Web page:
Kate Barrington
by Kate Barrington
fast facts

About Chug

10-20 lb
10-13 years
not applicable
Best Suited For
Families with children, singles, seniors, apartments, houses with/without yards
Playful, affectionate, fun-loving, loyal
Comparable Breeds
Pug, Chihuahua
6-14 inches
Chug Basics

Some dogs are named after the tasks they were bred to perform or other animals that they resemble. Other dogs are named after drinking beer as quickly as possible. Different strokes for different folks, right? Fortunately, the delightful little Chug has many wonderful qualities beyond a unique name. If you can’t decide between a Pug or a Chihuahua, you may be able to get the best of both worlds with a crossbreed called the Chug. A popular designer dog breed, this spunky little dog has been stealing hearts left and right- and to no one’s surprise. The Chug comes from two very popular breeds that have been treasured companions for centuries. The compact size, charming attitude, and loving personality are all traits common for the mom and dad, and the Chug will inherit plenty of traits from both the Chihuahua and the Pug. However, this is a hybrid breed, so you can never know which breed will be the more influential one in the mix. Fortunately, you can at least guarantee that your Chug will be tiny and adorable.

Despite the unpredictability that is common with all mixed breed dogs, the Chug consistently proves to be a great companion for families of all shapes and sizes. Moderate activity needs and small size make these spunky pooches an ideal choice for apartment and condo dwellers. They pups are also well suited for retirees looking for a low-maintenance pet. The Chug can be a good candidate for a family pet, but only as long the children in the family are older and know how to be gentle with petite dogs. These dogs are fragile and as we all know, small children don’t tend to mix well with anything that can be labeled fragile.

In case you think that a Chihuahua and Pug mix sounds like your dream dog, read on to find if that’s really the case! Keep your eyes glued to this page and scroll away. All will be revealed.

If you can’t decide between a Pug or a Chihuahua, you may be able to get the best of both worlds with a crossbreed called the Chug.


The exact origins of the Chug breed are unknown because mixed breed dogs have been in existence for many years, but no one has bothered to document their development. Throughout history, there have probably been more than a few ‘accidental’ Chihuahua and Pug crosses, where the crossbreed litter wasn’t planned. That’s true of pretty much any hybrid dog.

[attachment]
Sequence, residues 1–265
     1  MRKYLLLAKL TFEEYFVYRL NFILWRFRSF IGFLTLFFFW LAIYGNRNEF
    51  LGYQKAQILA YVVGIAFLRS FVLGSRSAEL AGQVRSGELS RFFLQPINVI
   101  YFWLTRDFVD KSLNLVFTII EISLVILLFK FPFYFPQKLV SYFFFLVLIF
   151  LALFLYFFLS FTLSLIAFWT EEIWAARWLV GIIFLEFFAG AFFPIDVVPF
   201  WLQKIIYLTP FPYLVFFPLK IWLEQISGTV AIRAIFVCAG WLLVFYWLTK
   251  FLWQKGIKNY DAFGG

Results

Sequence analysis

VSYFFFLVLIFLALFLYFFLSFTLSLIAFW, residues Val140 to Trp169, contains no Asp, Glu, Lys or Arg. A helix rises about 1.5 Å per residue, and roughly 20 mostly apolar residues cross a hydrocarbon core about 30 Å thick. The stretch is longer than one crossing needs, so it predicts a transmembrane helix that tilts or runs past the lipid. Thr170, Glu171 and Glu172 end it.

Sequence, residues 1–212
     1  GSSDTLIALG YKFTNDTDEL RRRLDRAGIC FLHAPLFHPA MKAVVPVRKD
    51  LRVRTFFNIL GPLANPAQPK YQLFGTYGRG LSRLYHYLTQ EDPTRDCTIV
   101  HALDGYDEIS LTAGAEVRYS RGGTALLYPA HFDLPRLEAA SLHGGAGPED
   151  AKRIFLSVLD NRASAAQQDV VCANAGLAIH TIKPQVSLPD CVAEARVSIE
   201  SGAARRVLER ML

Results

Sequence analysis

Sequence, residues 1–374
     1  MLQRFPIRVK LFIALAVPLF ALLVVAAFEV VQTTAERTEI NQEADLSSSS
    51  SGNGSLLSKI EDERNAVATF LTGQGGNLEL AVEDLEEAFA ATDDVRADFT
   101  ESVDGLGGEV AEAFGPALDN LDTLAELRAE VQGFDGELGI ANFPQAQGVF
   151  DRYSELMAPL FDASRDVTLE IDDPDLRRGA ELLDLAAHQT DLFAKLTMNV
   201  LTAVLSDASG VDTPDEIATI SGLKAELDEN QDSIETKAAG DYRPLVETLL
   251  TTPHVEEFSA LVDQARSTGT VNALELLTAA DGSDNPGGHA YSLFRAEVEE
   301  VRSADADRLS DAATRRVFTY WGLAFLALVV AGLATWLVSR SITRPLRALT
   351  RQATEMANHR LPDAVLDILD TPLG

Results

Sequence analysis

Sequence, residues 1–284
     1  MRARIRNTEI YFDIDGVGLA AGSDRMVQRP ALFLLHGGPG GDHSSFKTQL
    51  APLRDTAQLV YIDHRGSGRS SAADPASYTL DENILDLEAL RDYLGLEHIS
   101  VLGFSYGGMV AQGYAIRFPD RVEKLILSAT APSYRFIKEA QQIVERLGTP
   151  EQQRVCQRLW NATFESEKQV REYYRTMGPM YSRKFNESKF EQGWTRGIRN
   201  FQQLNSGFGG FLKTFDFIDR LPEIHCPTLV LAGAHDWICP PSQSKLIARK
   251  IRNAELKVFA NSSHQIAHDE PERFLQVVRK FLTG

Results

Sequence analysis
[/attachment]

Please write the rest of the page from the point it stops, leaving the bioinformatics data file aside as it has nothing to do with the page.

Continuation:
Even when it comes to intentional crossbreeding of the two parental pups, there’s no clear information on when and where the Chug had its start. No breeders have stepped up to claim these adorable hybrids as their own, and the best guess is that this particular hybrid is no different than the majority of his designer dog friends. This means that the Chug was probably developed in the United States, sometimes in the last 30 years. Unfortunately, beyond that assumption no one really knows much about the origin of the Chug.


The Chug is a 50/50 mix of a purebred Pug and a purebred Chihuahua. This is a so-called first generation mix, and it is the most unpredictable type of hybrids. Chugs can look like Pugs more than Chihuahua or vice versa (or they can even look like be a balanced blend of both parents). There are no guarantees, even inside one litter, let alone the whole breed in general! Every Chug is unique and that’s part of the charm.

It is possible to have a hybrid with more or less than 50 percent of each parent breed in its heritage. However, multigenerational crosses are rare. That’s both because this is a fairly recent dog breed, and because a lot of breeders believe that further crossing with either of the parental breeds can cause certain health issues to pop up again. Developing designer dogs is tricky business and should be approached cautiously.


The Chug requires a high-quality commercial dog food diet that is formulated for his unique needs. Avoid cheap kibble that has no nutritive value and opt for those that use natural high-grade ingredients and have a good ratio of protein to carbs. These are all good rules of thumb for choosing any dog food for any pup. Additionally, your pet’s food should be appropriate for their age (puppies, adults, and seniors all have different dietary needs), size, and activity level. Small-breed dog formulas are a great choice, as they are specially designed to meet the high-energy needs of small, active dogs.

Another thing to pay attention to is the serving size. Don’t overfeed your Chug as these dogs are very prone to obesity. Usually, they need about a cup of kibble each day. So, split this into two servings to prevent overeating and bloating. Additionally, if you want to offer wet food or cooked meals for the sake of variety, be mindful of the caloric value. Using these foods as kibble toppers on a regular basis is another common cause for rapid weight gain in dogs

As always, it’s wise to consult with a veterinarian before making any major changes to your doggie’s diet. While dog food manufacturers and pet blogs provide useful guidelines for feeding pups, it should always be remembered that these are guidelines and not gospel. All dogs are different and have their own needs. Only your vet is qualified to determine the specific dietary needs of your personal pup. So always check in with your vet before settling on any specific food or portion size. Vets know best!